• Doing too much of what you think you “have or should” do and not enough of what you want to do.
    This is a common mistake many make. Most people don’t give themselves the chance to even ask what it is they might want to do. When I ask clients this at New Life Portugal, often the answer is “I have no idea”. It is a bigger challenge than you might think because if we are constantly only doing responsibilities and obligations, we are blocking ourselves from relaxation, creativity and joy.
Christmas anxiety and exhaustion

New Life Portugal

Christmas anxiety and exhaustion

Here at New Life Portugal we see these symptoms of self-sacrifice and mental or emotional exhaustion and have noticed they get particularly exasperated around the holiday season.

Our 10 themed weeks help address these common issues in people’s lives and provide our guests with tools to better manage their emotions and experiences.

Drawing from these themes I offer you 10 tips that can help you better manage your emotions, self-care and boundaries this holiday season. What can we do about Christmas anxiety and exhaustion.

  • 1
    Ask for help.
    1. It’s hard to go against the old mindset that says you can do it all alone but try, you deserve that effort because in fact you aren’t alone. If there is some support you can lean on, please try to begin practicing receiving assistance where you can, especially if it’s offered. The usual response to an offer for help might be “no thanks, I’ve got it covered”. I really invite you to challenge that response this season.
  • 2
    Practice mindfulness to gain more self-awareness
    By cultivating more awareness of your thoughts, feeling and actions you will better be able to trace old patterns of over-giving and feel the urge to help at all costs even if you are running on empty. When you notice the old pattern coming in, mindfulness helps you press pause and obtain the power to choose differently.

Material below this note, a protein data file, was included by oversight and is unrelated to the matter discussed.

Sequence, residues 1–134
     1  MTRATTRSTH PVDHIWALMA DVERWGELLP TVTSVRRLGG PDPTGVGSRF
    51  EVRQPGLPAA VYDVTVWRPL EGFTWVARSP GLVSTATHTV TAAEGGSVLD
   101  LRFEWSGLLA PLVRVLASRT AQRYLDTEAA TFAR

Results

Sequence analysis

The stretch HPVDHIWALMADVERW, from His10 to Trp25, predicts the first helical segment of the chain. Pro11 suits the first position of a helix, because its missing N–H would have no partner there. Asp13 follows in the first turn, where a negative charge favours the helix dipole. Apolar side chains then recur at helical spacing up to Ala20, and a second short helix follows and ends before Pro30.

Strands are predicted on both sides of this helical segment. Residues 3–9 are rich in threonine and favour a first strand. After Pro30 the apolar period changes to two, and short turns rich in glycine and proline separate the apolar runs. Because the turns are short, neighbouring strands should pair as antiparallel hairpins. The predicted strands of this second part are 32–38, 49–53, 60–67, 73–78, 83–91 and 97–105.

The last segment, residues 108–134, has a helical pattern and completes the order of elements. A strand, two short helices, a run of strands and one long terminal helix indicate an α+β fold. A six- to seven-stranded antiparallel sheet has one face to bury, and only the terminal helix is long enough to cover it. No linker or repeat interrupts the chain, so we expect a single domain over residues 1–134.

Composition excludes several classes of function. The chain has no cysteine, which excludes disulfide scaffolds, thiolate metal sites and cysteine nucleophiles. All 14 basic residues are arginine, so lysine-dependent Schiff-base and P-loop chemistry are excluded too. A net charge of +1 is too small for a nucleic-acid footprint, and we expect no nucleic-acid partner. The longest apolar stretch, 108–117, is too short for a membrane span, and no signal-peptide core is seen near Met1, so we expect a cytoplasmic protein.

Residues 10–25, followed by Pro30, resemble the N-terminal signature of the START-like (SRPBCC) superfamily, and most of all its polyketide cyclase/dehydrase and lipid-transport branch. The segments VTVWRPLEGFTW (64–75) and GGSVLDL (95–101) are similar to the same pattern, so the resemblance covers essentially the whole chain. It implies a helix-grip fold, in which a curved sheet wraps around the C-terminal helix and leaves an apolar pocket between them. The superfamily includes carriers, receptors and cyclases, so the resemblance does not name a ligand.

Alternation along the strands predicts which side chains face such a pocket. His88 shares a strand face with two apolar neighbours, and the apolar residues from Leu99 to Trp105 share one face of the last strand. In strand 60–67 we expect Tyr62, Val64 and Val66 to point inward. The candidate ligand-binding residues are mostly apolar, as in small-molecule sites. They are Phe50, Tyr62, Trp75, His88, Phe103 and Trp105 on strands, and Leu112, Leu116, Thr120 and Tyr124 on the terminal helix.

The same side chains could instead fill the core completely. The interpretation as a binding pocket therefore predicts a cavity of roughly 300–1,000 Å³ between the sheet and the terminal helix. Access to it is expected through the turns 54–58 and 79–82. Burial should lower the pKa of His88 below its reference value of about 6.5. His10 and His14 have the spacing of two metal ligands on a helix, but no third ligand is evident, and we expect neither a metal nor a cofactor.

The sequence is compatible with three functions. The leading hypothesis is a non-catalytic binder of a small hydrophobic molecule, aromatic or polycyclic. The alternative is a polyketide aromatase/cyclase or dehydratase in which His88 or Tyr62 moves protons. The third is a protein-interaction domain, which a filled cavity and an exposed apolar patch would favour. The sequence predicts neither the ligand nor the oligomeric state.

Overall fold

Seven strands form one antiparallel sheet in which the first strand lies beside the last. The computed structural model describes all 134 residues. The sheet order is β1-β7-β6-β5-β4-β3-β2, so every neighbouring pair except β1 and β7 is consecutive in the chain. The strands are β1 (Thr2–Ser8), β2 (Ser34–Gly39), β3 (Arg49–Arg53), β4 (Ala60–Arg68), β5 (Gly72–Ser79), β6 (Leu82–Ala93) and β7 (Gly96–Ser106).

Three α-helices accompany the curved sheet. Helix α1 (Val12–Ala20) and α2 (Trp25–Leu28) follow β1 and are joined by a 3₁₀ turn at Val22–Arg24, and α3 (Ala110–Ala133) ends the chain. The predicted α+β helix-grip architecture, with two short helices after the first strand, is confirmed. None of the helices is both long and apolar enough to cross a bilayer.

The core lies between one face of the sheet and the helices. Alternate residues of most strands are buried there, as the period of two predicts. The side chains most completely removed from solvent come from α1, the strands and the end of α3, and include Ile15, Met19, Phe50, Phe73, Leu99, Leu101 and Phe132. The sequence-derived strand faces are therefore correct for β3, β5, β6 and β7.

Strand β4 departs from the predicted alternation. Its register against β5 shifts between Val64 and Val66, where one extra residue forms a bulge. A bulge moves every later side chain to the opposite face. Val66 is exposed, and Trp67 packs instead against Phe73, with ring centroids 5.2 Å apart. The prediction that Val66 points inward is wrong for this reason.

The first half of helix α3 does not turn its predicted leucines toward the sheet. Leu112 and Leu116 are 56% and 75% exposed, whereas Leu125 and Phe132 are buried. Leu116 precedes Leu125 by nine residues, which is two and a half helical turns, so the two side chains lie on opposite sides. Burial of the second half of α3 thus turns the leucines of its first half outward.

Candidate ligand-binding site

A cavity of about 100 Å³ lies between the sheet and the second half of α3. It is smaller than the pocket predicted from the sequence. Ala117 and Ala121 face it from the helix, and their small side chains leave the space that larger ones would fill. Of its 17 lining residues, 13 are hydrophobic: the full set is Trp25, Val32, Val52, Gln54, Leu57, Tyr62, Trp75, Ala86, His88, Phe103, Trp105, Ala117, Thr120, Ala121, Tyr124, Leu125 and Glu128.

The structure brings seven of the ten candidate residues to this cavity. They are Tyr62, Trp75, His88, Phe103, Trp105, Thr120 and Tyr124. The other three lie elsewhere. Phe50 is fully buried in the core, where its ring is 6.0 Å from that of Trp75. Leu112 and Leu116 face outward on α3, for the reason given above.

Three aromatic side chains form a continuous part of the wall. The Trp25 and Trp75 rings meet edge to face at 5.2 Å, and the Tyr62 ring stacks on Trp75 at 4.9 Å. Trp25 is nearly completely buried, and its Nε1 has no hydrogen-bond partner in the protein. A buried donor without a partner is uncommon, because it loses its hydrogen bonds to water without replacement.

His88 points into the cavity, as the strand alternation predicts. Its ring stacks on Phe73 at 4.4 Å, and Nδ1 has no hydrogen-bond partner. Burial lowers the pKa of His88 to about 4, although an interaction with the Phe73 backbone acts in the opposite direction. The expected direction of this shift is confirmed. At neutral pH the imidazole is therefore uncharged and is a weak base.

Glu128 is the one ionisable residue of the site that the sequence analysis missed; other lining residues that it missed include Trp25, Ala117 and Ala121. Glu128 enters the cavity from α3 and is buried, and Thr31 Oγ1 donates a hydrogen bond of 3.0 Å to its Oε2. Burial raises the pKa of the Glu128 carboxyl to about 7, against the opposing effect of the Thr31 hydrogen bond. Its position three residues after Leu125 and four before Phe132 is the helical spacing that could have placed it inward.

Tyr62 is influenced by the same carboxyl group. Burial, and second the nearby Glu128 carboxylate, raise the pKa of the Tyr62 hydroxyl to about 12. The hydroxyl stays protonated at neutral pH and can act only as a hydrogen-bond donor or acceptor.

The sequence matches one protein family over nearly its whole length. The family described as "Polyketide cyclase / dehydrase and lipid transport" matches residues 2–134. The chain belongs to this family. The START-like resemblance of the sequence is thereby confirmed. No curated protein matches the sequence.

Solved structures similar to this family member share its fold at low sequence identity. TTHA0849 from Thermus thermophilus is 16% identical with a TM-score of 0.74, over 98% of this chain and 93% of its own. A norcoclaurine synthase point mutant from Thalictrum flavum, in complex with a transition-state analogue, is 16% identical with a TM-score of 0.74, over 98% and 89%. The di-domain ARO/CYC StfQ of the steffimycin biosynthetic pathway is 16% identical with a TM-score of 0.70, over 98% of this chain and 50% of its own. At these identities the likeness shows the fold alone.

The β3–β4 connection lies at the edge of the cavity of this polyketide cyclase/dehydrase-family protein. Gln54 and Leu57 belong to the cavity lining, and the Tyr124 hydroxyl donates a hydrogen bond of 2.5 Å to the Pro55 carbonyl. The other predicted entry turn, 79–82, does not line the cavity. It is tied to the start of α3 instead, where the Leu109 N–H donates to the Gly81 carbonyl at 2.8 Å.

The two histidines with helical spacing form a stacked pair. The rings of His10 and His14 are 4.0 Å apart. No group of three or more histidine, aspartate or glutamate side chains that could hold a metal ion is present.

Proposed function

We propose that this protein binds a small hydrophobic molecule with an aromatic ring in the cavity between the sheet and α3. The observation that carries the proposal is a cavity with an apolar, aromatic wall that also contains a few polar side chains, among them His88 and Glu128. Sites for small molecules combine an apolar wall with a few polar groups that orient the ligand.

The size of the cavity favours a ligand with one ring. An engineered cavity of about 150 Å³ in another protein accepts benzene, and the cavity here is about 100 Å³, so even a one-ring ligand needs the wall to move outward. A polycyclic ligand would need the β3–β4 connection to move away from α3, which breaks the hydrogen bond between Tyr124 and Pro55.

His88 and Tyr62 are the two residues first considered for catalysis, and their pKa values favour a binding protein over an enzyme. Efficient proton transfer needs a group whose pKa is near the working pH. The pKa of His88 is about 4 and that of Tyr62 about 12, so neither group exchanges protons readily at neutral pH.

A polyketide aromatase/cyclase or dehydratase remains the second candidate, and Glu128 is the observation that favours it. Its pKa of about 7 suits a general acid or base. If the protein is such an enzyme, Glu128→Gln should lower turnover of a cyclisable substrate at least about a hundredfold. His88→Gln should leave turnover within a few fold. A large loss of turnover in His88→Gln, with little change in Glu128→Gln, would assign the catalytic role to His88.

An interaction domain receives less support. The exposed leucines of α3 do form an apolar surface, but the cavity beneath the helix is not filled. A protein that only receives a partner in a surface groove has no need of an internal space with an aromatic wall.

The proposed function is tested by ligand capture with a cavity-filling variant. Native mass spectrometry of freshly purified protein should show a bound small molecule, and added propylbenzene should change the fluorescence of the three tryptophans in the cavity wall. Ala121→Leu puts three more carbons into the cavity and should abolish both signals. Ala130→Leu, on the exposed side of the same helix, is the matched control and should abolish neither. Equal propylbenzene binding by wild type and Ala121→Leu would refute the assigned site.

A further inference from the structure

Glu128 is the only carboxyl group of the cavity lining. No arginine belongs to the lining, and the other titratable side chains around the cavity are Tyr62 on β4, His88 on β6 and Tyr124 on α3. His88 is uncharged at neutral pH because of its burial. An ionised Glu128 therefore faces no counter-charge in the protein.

• 3
    Learn to regulate your emotions and self-soothe.
    When you begin to change old patterns of behavior, your nervous system might sense this as a threat. This is because our old patterns of behavior were all formed as coping strategies to keep ourselves safe when we were younger. The discomfort you might feel when changing unhelpful patterns of behavior is normal. Emotional regulation techniques like grounding, humming, splashing cold water on your face, deep breathing and more can help support you to make unfamiliar changes in your life.
  • 4
    Subdue your inner critic with self-compassion.
    Self-compassion means meeting yourself with kindness and encouragement when you “fail” or make a mistake instead of criticism, judgment and blame. It requires us to remember that we are only human and that no one is perfect. Sometimes we are aware of our inner critic but until we really see the statements do we realize it’s impact. You can write down all the statements that your inner critic says on a piece of paper and really see them for what they are. Then, after acknowledging that some of these statements might be unhelpful, unkind, untrue and unrealistic, you can write down a more helpful, encouraging and loving statement instead.